Why Women Do Not Wish the Suffrage

"Woman does not wish to turn aside from her higher work, which is itself the end of life, to devote herself to government, which exists only that this higher work may be done. Can she not do both? No!"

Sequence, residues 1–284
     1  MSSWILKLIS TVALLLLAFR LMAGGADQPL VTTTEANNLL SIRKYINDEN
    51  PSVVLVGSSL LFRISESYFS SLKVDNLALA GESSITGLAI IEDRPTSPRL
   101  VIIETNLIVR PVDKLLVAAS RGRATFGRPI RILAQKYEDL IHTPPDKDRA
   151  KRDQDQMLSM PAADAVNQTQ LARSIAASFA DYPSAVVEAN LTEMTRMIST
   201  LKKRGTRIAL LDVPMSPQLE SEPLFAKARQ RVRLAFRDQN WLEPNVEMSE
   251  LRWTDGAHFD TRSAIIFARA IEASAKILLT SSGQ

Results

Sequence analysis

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For the object of government is the protection of person, property, and reputation from the foes which assail them. Government may do other things: it may carry the mails, run the express, own and operate the railroads; but its fundamental function is to furnish protection from open violence or secret fraud. If it adequately protects person, property, and reputation, it is a just government, though it do nothing else; if it fails to protect these primary rights, if the person is left to defend himself, his property, his reputation by his own strong arm, there is no government. The question, "Shall woman vote?" is really in the last analysis, the question, "Ought woman to assume the responsibility for protecting person and property which has in the past been assumed by man as his duty alone?" It is because women see, what some so-called reformers have not seen, that the first and fundamental function of government is the protection of person and property, and because women do not think that they ought to assume this duty any more than they ought to assume that police and militia service which is involved in every act of legislature, that they do not wish to have the ballot thrust upon them.